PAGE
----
Staying at resorts at the golf courses, daily checks for symptoms and temperature, filling a questionnaire daily apart from undergoing an antigen test before teeing off, a mobile PCR rapid test for Covid-19 on arrival at the venue, self-driving a rental car for almost five weeks.
These are parts of the protocol Indian golfer Shubhankar Sharma will have to adhere to during his 32-day stay in the United Kingdom for five European Tour events. Sharma, accompanied by long-time mentor Gurbaaz Mann, arrived in Birmingham on Tuesday morning and will be teeing off in the Hero Open at the Forest of Arden Marriott Hotel and Country Club on Thursday.
“I had already decided to play on the European Tour a month ago and it was always the plan that whenever competition resumes and I am able to fly to Europe, I will go. So, I was mentally prepared to play,” the 24-year-old Chandigarh pro said.
“Once it was decided, the travel part was not a big concern as we understood the precautions like wearing face shields and PPE kits on the Air India flight and submitting our test reports after the arrival here. I also packed 5-6 masks and extra sanitiser bottles for the trip. We have seen sport resuming across the world in bio- bubbles and once we landed here, all focus has been on playing some good golf,” shared Sharma ahead of the one million Euro prize money event.
Earlier this month, the European Tour resumed golf action with the British Masters in Newcastle, England. The event had only one top-50 player – Lee Westwood – in the 130-strong field, and saw less than 500 people on the course but no spectators. The European Tour’s tournament bio-bubble is developed by its chief medical officer Andrew Murray and the medical advisory board includes virologists and senior health officials from FIFA, World Rugby and ATP.
According to the protocol, players, caddies, hotel staff and media undergo an at-home Sure-Track test before every tournament and those testing negative have an on-site rapid testing phase at the venue. Players are also required to submit daily symptom questionnaires and temperature readings. All the six tournaments in the UK Swing are taking place at golf courses located within 300 miles of each other.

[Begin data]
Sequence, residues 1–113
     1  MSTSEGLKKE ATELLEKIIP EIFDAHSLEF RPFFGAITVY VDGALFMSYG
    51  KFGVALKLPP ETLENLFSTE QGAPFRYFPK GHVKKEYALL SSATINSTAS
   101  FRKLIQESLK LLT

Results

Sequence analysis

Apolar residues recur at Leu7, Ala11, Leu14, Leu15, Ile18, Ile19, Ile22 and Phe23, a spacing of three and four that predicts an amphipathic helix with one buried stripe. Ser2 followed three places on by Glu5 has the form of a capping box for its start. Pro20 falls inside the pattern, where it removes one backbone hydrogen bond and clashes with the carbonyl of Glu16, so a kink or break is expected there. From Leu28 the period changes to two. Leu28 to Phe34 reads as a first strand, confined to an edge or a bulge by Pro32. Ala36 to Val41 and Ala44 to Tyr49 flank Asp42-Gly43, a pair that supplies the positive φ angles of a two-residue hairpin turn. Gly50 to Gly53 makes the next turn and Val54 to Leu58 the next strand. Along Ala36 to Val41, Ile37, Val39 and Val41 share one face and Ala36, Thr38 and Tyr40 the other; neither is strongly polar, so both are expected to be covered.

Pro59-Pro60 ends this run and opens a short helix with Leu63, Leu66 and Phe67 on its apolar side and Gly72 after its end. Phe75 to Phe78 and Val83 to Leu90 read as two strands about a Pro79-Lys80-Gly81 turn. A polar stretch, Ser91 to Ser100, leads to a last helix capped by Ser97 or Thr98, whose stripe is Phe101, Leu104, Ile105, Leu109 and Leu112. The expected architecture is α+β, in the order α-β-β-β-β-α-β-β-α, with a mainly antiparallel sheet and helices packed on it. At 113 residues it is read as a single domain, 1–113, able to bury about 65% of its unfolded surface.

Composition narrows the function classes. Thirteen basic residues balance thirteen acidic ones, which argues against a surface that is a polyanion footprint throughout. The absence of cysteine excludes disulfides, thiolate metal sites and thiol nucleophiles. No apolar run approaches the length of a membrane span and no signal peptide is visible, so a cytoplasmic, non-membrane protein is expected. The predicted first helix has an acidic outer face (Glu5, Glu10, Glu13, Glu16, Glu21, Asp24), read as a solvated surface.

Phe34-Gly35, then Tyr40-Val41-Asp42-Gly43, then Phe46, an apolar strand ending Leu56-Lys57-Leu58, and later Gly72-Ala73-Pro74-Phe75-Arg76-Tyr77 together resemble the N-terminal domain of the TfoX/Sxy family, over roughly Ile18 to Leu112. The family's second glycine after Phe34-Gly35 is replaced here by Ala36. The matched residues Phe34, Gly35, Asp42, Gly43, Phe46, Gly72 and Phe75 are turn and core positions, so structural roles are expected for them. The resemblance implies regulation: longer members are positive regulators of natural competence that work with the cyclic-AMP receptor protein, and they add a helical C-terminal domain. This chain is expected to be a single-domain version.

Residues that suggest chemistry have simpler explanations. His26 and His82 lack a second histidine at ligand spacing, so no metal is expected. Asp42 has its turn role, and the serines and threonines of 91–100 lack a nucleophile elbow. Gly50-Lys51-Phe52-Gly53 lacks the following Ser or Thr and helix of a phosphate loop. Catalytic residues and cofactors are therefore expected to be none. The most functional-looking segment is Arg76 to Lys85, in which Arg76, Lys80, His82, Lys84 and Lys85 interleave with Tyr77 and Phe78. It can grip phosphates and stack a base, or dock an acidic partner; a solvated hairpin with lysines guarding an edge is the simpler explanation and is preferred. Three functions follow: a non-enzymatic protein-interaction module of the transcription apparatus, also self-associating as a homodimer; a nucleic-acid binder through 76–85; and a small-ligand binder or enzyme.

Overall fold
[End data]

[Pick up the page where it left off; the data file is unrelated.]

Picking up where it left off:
“We were required to submit our negative test reports upon arrival at Heathrow and there will also be a test before we tee off on Thursday. All the venues have on- course stay and food arrangements, and each person is required to travel, work, relax and dine with one other person only – which is Gurbaaz Mann in my case. During practice, each golfer was on his own and we all understand this is being done for our safety. The only thing left to decide is who between us two will drive the rental car first at the end of the tournament (laughs),” adds Sharma.
A dip in form
Sharma’s recent results have not been kind to him and the two-time winner on the European Tour has slipped to a current world ranking of 316. He had only two top-10 finishes since March 2019 — tied-seventh finishes at Italian Masters in October and Turkish Open in November. With the Tokyo Olympics getting postponed, Sharma who is currently behind compatriots Rashid Khan, Udayan Mane, and Shiv Kapur in world rankings, desperately wants to be among the top two from the country to qualify for the Games.
He will head to Hertfordshire after this week followed by two weeks at Newport, Wales and another at Sutton before returning to India. “I didn’t get the best of starts last year and my world ranking has gone down. This extra one year means I am still in the mix and can start afresh. Even though Olympics are still far away, playing in it remains a dream for every athlete. When practice resumed at the Chandigarh Golf Club and CGA range in May, it gave me time to work on my swing. While I have gone back to my old putter, I have got new wedges and they have got good bounce which will help me in Europe,” adds Sharma.
Mann, who also modifies Sharma’s equipment at the CGA range in Chandigarh, was busy making some changes to Sharma’s reserve equipment in the last three months. He will also do the caddie’s job, something he did for Sharma at WGC Mexico in 2018, where Sharma finished tied ninth.
“In the last three months, we got some clear idea about the changes need in the technique and equipment. We had reserve equipment and decided to make the changes accordingly. Shubhankar’s putter needed a big overhaul and we did some changes with the driver as well,” said Mann.
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